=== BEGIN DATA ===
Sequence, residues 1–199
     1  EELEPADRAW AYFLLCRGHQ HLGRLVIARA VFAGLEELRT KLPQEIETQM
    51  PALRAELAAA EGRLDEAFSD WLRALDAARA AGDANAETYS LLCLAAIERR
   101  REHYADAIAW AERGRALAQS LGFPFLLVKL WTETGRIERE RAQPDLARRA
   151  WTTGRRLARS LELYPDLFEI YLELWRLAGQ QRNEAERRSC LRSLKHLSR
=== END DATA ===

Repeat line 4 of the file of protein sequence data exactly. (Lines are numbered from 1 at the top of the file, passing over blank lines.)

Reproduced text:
   101  REHYADAIAW AERGRALAQS LGFPFLLVKL WTETGRIERE RAQPDLARRA